Tutorial for the use of the Innerscene Virtual Sun A7 LDT and IES files

Tutorial for the use of the Innerscene Virtual Sun A7 LDT and IES files

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This article is intended for professional lighting designers who use light modeling packages such as Dialux or Relux. We provide options to model Innerscene Virtual Sun Model A7 in models for light level studies and/or visualization of both intensity and CCT within an environment.

The LDT and IES files of the Innerscene A7 lighting fixture are synthetically generated. Measured photometric data is expected to be available in the future, however results of lighting simulations with the synthesized photometrics have been verified with “in field measurements” and have proven the synthesized photometrics to be within a margin of +-10%. We have had to slightly expand the sun beam divergence angle in the IES & LDT files because light simulation packages were not designed to handle this type of light fixture.

LDT files and IES files linked above are available for your renderings and simulations. If your software allows for the use of LDT files we suggest you use the LDTs, as these also include the respective correlated color temperature (CCT) of the lighting unit.

IES files do not allow you to specify CCT in the file format. Using the IES files you can still manually adjust the CCT to the correct values in your software if your software allows it.

The Innerscene A7 lighting fixture produces two types of light outputs which have different CCTs, luminous flux, and beam angles.

Sun light:

  • CCT of 4500K (fixed)
  • Beam angle divergence of less than 2 degrees
  • Beam direction is 30 degrees from nadir
  • Luminous flux of ~1080 lumens

Sky light:

  • Adjustable CCT ranges from 3000K to 15000K following the daylight locus
  • Diffuse illumination with Lambertian  distribution
  • Luminous flux of ~5670 lumens


For modeling purposes we have provided two options.

Option 1 – Combined sun and sky light outputs as a single IES / LDT file

This is an easy option can be used if you only care about lux levels for light level studies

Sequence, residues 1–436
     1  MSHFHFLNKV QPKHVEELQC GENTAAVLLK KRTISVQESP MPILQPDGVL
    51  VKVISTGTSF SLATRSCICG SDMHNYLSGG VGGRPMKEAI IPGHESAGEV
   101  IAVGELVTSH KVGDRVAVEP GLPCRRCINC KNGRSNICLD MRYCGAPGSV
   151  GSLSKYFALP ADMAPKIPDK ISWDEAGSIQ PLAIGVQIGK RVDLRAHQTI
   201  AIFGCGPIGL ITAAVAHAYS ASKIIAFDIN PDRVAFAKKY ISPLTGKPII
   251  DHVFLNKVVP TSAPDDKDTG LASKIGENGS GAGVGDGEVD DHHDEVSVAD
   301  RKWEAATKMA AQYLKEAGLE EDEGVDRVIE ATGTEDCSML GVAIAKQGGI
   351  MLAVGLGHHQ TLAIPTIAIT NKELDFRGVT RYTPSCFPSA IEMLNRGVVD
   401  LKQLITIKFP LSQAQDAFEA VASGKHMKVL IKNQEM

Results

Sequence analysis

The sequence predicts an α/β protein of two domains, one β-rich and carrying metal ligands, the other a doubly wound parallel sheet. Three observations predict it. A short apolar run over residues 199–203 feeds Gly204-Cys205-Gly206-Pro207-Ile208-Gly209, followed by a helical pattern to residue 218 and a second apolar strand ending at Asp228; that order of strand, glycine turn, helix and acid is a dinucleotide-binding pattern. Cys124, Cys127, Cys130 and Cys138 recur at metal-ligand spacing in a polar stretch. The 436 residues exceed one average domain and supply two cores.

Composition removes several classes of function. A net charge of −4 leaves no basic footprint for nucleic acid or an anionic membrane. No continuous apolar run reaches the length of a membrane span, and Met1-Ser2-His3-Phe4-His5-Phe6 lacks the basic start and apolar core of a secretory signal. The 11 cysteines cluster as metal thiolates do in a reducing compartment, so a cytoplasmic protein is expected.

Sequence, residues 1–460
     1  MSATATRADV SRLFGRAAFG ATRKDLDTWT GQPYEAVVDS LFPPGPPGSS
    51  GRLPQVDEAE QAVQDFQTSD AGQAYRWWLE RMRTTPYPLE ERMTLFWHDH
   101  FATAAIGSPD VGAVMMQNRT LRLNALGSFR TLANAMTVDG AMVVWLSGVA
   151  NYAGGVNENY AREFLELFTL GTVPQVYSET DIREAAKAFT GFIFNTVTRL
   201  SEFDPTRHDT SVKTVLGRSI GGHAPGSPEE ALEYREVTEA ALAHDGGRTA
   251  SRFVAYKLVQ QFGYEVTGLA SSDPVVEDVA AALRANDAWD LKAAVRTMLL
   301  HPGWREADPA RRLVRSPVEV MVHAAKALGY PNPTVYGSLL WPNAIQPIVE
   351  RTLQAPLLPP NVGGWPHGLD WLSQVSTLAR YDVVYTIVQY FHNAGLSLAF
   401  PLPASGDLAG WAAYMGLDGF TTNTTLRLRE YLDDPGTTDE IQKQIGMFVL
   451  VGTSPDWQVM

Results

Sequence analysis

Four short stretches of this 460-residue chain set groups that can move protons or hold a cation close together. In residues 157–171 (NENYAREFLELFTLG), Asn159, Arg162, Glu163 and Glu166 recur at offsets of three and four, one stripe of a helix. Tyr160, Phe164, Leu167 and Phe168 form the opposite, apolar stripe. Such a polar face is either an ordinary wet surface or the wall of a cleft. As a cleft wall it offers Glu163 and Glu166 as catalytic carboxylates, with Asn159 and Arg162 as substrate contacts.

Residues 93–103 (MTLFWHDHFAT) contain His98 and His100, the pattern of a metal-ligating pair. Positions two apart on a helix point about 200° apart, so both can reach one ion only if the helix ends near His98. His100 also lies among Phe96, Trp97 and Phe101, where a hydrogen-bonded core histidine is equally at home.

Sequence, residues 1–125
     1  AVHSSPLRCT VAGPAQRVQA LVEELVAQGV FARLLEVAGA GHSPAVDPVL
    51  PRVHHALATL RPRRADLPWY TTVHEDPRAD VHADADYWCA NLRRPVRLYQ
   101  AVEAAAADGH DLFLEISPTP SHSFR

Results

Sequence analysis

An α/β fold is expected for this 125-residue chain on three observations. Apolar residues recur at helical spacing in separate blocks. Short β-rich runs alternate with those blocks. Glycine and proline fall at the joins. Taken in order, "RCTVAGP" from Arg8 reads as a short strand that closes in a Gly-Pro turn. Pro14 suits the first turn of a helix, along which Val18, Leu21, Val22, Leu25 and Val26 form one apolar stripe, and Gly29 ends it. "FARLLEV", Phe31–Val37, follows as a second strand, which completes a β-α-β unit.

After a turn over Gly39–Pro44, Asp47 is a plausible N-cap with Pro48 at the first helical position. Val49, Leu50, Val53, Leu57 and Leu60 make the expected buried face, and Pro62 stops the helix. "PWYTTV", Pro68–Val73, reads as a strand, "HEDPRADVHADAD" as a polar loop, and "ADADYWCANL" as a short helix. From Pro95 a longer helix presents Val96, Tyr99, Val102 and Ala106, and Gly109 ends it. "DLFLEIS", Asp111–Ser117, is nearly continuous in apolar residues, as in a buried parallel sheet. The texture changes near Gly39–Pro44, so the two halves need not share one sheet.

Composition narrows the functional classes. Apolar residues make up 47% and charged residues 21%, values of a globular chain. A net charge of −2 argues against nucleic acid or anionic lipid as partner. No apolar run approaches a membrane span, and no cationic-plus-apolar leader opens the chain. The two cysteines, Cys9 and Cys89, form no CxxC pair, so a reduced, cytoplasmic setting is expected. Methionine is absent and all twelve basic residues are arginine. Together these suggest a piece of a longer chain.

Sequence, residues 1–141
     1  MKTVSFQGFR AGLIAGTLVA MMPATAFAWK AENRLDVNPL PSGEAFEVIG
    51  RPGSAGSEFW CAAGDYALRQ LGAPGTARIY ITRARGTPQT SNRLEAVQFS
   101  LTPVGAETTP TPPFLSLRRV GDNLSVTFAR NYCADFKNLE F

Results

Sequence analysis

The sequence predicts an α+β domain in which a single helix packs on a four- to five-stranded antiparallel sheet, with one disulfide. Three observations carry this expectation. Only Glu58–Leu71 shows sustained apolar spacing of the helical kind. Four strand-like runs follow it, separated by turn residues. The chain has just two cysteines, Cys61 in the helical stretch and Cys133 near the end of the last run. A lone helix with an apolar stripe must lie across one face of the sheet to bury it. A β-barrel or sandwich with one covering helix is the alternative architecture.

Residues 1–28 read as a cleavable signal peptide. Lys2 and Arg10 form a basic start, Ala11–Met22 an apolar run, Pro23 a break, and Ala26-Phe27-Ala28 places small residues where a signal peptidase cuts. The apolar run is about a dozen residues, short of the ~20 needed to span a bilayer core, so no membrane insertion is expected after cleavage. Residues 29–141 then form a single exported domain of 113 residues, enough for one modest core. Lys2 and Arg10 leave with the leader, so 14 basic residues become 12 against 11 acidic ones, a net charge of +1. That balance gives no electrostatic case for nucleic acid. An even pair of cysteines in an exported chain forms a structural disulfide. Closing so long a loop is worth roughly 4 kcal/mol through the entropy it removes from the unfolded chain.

Option 2 – Separate sun and sky IES / LDT files

This option is more appropriate for visualization purposes where room CCTs are needed.

Lighting simulation using combined sun & sky photometric files

If you need to generate a lighting simulation with emphasis on the correct lighting levels and the appearance of a 3D render in the simulation is not as important, you might want to use the combined photometric files which can easily be imported into Dialux or other as a single IES / LDT file.

These files (A7-combined.*) have both lighting distributions incorporated into one photometric file. This is easier to handle in the software and will reduce the occurrence of software bugs. This approach will lead to correct lighting levels and lighting distribution. The combined file, however, can handle only one correlated color temperature for the combined lighting distribution. The resulting render would look similar to these where the sun and the sky light have the same CCT.

Visualization of CCT using separate sun & sky IES / LDT files

If you want to produce a visualization of the effect of using the Innerscene A7 lighting fixture in a room, modeling the different CCTs of the sun light and the sky light are crucial.

For this scope the two lighting effects (SUN and SKY) have been separated into two files  (A7-SUN.* and A7-SKY.*) and given their respective CCTs. The two files will be placed in your simulation or rendering geometry one over the other, in the exact same position. The reason for this procedure is that neither LDT nor IES files can cope with two different CCTs in one single lighting distribution.

By inserting the two files into your environment, your visualization will correctly show the different CCTs with the different distributions, a cold white light emitted by the sky and a neutral white light emitted by the sun.



  • When inserting sun & sky files separately into your model, make sure you give them exactly the same position in three dimensional space. If the objects aren’t exactly at the same location, one might block light output from the other.

  • All Innerscene A7 photometric files are scaled to the actual light output of the lighting fixture. Altering of the luminous flux is not necessary. It is also not recommended as it will compromise the correct outcome of your simulation.
  • The Innerscene A7 IES files don’t have a specified CCT as the IES file format doesn’t allow for it.
  • When using IES files the correct CCT needs to be applied in the rendering/simulation software. Use 4,500K for the A7-SUN.ies and 3,000 to 12,000K for the A7-SKY.ies
  • The Innerscene A7 LDT files have their respective CCT saved in the file format. However, most light modeling packages also allow you to change the CCT as needed.

High CCT notes

  • A normal blue sky is typically 9000K-12000K and we recommend using a high CCT for midday simulations. If too much high CCT light is present in a room, the appearance of the room could appear too blue especially if located adjacent to another space where a lower CCT is present. By adding additional low CCT lighting to a space where A7 is installed, you will be able to raise the CCT of A7 while achieving an overall balanced appearance.
  • When modeling Innerscene Virtual Sun Model A7 in your environment, keep in mind the CCT for the sky is adjustable between 3000K and 15000K. Above 10000k the CRI may drop slightly below 90 but remains above 80. If you plan to target a CCT over 10000K and high CRI is also needed, we suggest supplementing the room with additional high CRI/low CCT lighting.